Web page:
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SCOTUS rules for Trump on ballot issue; CA high school students earn Google Career Certificates in high-demand fields; NY faith leaders help people address ecological grief; and a group offers abortion travel benefits for Mississippi women.

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The SCOTUS rules no state can remove a federal candidate from an election ballot saying that power rests with Congress, Super Tuesday primaries are today in sixteen states and a Colorado Court rules in the killing of Elijah McClain in police custody.

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Hard times could be ahead for rural school districts that spent federal pandemic money on teacher salaries, a former Oregon lumber community drafts a climate-action plan and West Virginians may soon buy raw milk from squeaky-clean cows.

ND poll suggests voters aren't thrilled with legislative policy

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Wednesday, November 15, 2023   

A majority of likely voters in North Dakota oppose controversial policy moves at the state level, including efforts to add more hurdles for constitutional changes through ballot questions.

The sentiments are found in a new statewide poll commissioned by the nonprofit North Dakota News Cooperative. Among respondents, 46% oppose the "pass it twice" measure, a question the Legislature recently approved for the 2024 ballot. It would require future measures initiated by citizens to pass twice to become law. Only 36% of those surveyed support the idea.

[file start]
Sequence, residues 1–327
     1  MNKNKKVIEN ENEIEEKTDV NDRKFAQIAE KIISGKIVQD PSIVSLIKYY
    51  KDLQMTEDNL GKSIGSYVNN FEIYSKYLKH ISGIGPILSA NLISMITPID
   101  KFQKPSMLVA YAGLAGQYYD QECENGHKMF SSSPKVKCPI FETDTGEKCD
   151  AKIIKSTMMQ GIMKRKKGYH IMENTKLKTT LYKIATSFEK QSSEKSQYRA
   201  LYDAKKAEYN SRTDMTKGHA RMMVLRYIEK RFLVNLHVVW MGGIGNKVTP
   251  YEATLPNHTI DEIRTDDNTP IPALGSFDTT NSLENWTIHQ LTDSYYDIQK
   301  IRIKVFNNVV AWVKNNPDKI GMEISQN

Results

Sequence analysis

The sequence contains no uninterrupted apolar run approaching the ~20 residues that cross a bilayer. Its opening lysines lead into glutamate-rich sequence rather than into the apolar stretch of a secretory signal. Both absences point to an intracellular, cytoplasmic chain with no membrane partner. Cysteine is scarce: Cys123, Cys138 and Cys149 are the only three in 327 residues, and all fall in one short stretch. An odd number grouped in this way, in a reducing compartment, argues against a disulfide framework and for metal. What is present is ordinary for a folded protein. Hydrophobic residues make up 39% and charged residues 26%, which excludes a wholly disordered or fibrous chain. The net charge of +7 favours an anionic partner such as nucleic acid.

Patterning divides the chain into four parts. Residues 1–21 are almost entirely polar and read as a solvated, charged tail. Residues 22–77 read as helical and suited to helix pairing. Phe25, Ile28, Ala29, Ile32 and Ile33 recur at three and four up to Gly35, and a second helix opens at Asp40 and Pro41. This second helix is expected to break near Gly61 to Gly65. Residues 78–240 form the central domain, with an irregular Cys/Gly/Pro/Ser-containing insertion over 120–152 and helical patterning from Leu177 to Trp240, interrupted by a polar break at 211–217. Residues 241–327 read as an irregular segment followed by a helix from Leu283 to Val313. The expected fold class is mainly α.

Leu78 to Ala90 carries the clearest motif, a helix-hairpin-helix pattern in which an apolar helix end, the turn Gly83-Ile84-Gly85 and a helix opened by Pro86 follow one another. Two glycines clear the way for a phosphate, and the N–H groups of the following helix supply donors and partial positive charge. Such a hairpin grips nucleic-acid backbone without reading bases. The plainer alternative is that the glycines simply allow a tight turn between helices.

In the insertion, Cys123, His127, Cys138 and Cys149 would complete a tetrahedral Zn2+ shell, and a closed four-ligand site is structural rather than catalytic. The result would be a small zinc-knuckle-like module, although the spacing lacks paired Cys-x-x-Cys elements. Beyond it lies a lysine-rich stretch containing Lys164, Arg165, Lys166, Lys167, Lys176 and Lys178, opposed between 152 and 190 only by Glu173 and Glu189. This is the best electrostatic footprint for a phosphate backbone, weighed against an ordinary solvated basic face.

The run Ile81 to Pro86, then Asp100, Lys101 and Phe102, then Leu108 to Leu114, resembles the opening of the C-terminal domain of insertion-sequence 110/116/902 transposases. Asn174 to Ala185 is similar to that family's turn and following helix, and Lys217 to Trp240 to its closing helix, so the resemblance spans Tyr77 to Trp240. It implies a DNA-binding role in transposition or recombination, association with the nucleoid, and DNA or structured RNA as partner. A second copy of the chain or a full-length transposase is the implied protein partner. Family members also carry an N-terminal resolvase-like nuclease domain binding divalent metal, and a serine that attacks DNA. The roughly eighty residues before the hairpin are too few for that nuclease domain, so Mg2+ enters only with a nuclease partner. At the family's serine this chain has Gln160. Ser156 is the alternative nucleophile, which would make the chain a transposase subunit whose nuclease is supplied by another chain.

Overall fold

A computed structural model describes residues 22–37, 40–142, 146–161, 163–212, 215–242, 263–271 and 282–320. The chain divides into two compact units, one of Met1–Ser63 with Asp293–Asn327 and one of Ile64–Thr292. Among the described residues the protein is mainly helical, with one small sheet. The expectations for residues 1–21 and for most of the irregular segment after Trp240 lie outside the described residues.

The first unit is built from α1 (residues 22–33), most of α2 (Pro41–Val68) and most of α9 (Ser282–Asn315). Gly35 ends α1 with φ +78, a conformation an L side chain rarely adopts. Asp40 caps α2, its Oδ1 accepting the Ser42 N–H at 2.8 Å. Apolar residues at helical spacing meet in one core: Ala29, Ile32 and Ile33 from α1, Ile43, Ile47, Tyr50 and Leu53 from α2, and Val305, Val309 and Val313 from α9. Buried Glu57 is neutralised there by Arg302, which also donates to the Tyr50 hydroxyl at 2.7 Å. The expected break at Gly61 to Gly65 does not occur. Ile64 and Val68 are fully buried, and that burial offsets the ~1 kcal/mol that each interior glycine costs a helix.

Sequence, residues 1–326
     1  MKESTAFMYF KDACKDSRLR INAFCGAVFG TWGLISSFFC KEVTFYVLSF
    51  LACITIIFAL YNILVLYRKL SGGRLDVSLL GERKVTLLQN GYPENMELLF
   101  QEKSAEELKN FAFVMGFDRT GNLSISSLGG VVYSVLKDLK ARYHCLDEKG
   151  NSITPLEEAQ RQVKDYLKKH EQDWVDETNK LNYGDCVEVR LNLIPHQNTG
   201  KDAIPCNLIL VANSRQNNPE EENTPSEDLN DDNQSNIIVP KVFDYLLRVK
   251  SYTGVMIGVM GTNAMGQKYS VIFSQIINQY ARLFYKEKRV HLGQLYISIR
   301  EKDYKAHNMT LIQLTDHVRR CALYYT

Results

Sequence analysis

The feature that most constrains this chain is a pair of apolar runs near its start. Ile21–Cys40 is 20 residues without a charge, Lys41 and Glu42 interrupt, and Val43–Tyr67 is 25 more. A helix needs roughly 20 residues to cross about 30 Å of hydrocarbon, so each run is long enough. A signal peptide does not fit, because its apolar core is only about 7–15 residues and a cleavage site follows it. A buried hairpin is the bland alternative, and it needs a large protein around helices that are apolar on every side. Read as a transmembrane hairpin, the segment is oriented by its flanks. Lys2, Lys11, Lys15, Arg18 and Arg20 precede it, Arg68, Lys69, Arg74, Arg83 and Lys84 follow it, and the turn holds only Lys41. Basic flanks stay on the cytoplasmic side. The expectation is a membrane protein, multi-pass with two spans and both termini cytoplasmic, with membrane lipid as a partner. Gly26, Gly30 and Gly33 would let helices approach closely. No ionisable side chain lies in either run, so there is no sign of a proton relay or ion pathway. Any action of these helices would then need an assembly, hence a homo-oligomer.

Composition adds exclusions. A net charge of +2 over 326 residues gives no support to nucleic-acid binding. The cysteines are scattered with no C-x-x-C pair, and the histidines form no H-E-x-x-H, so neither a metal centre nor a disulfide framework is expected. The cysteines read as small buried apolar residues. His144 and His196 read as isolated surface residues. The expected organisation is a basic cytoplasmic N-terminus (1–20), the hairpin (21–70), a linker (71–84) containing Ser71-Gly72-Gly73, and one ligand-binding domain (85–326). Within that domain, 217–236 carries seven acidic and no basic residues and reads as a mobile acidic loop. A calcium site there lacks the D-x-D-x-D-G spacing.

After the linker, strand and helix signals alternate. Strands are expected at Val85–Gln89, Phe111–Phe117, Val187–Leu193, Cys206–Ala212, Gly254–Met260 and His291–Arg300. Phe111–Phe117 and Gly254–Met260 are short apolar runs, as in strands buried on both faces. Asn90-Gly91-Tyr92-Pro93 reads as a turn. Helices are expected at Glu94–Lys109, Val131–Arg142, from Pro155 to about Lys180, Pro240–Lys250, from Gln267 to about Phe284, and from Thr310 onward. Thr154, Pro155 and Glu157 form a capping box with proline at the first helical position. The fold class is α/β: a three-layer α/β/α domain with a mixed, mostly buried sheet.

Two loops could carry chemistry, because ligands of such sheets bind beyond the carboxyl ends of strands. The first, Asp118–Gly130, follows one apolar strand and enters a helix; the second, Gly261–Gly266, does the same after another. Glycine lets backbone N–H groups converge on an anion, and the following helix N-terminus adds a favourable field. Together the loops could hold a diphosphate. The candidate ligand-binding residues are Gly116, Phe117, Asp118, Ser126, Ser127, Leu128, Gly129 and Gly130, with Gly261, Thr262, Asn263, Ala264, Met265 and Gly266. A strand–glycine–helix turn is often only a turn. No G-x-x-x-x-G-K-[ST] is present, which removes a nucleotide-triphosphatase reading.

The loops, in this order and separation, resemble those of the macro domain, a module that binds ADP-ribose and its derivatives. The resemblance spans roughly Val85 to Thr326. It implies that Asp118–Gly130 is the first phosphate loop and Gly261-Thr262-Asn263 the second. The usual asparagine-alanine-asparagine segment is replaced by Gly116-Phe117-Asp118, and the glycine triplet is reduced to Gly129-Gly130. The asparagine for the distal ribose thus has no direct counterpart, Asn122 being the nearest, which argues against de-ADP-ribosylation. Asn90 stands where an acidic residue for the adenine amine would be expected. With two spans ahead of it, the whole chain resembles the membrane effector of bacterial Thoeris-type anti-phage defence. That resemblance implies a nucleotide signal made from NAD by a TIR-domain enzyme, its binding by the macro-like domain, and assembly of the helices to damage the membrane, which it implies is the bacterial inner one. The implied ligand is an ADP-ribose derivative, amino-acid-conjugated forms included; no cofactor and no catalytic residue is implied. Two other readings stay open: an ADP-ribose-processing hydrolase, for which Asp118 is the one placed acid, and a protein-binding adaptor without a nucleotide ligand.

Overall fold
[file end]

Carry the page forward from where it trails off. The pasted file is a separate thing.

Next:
Brian Lunde, a research analyst for the North Dakota Poll, suggested voters will react harshly to this specific issue.

"The Legislature only has to pass a bill once, but I have to now pass it twice?" Lunde questioned. "It triggers that 'populist' feeling."

And 33% of respondents said they "strongly oppose" the idea, a result analysts said spells trouble for the effort. In other survey responses, 48% of North Dakotans oppose the state's new abortion restrictions, but 44% are in favor of them. While there were partisan splits, a significant number of Independents were in opposition.

Lunde pointed out in an era of "identity politics," the responses underscored North Dakota voters are open-minded about certain topics.

"This feeling that they get to decide, it's not predetermined or 'tilted' one way or another," Lunde explained.

He argued it is important for candidates to take note of the results, with Independent voters making up one-third of North Dakota's electorate. The poll also asked respondents whether they support a possible ballot question next year to essentially remove local control related to property taxes. A majority of the voters polled opposed such a change.

Support for this reporting was provided by The Carnegie Corporation of New York.


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